Did you ever have to fill out one of those plot-arc diagrams in school?  They never even told you that they were an arc and most of the time they were simply a hill that ended up a little taller at the right edge than the left.  Most plots don't work that way.  The plot is more of a series of hills getting progressively taller at their peak.  Each time the reader thinks the hero (or anti-hero) will succeed they are likely to fail, dropping the tension for a while before sharply raising it again.  Thus, he/she tries and fails in a cycle, hence the name.  Eventually, the conflict will be resolved and the final hill will slope downward a varying amount (depending upon how much of the book takes place after the resolution).

The try-fail cycle is just one of several major plot types, but it is one of the more commonly stated forms.  Use it wisely.

Tuesday, January 8, 2013

Brief Note

I am a much better writer than an extemporaneous speaker.

Sunday, January 6, 2013


     A young man clad in royal blue came into the Captain’s room.  The captain sat at a large brown desk littered with papers.  “Yes, sonny?” he questioned after looking up.

     “We’ve been hearing an odd noise on our sonar for the last twelve nautical miles, Captain,” the sailor replied.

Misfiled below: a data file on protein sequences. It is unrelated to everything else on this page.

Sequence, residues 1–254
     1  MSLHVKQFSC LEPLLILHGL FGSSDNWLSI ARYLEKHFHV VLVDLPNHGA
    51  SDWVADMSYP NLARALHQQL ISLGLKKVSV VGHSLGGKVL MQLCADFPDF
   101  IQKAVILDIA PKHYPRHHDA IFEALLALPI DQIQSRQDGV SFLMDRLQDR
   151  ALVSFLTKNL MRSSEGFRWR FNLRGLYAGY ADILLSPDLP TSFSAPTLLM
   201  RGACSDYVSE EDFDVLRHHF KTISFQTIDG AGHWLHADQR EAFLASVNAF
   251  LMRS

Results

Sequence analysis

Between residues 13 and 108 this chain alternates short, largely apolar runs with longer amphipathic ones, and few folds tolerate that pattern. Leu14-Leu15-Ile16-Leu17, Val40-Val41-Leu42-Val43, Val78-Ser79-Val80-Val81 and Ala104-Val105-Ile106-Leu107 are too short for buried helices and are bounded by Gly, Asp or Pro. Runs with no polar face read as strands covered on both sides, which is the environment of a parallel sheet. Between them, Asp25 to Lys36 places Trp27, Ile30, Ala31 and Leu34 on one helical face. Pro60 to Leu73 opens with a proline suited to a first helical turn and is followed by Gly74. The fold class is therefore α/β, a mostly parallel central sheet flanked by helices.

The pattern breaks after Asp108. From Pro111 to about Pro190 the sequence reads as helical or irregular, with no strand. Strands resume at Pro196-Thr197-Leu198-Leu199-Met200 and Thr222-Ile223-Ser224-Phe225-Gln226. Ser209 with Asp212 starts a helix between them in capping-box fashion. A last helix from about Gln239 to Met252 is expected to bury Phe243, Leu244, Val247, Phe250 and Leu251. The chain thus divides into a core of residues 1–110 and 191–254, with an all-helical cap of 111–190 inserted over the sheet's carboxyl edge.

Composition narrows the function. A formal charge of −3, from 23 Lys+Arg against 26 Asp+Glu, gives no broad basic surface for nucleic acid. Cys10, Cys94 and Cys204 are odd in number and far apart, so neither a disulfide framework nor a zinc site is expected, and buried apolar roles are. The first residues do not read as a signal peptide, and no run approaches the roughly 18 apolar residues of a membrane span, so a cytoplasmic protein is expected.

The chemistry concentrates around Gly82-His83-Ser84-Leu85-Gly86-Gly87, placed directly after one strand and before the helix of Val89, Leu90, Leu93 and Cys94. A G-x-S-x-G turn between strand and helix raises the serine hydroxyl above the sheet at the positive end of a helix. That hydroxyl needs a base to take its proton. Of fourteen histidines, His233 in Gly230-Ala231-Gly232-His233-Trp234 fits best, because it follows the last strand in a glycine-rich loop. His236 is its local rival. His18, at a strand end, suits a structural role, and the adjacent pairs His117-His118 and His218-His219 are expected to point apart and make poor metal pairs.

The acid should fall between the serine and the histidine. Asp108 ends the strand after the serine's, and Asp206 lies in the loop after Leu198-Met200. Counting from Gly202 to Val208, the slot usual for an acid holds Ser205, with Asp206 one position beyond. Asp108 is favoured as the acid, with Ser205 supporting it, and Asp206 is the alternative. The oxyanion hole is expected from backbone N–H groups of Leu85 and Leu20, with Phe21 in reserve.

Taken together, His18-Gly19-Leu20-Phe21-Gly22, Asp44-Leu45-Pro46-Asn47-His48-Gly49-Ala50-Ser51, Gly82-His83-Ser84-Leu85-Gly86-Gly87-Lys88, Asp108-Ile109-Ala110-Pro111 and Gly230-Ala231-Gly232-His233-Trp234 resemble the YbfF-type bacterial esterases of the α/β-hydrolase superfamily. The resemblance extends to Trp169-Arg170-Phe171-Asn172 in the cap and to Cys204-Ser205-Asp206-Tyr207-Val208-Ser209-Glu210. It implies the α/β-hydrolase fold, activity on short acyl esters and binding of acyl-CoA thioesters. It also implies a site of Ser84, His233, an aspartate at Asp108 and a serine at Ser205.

“Well, Captain…”

     “At ease,” the captain interjected.

     “Yes, well, the sound is unidentified.  Its frequency is so high we almost can’t even pick it up, and it’s incredibly loud.  This is no animal, and there are no known ships able to make this kind of noise.”

     “Tell them to keep moving.  There’s no use worrying about it, it’s probably just a malfunction in the sonar.”  The younger man saluted and left the room with this statement.

     The ship rocked violently.  Water jetted up over the top deck and fell with a clatter like heavy rain.  A black shape jutted up at the bow.  The shape had eyes!  A group of sailors ran around in literal madness at the monstrosity that had wrecked their vessel.  The beast took one massive claw and drug the ship under, then fell back into his long slumber…

Thursday, January 3, 2013

Poorly Played, Stephen King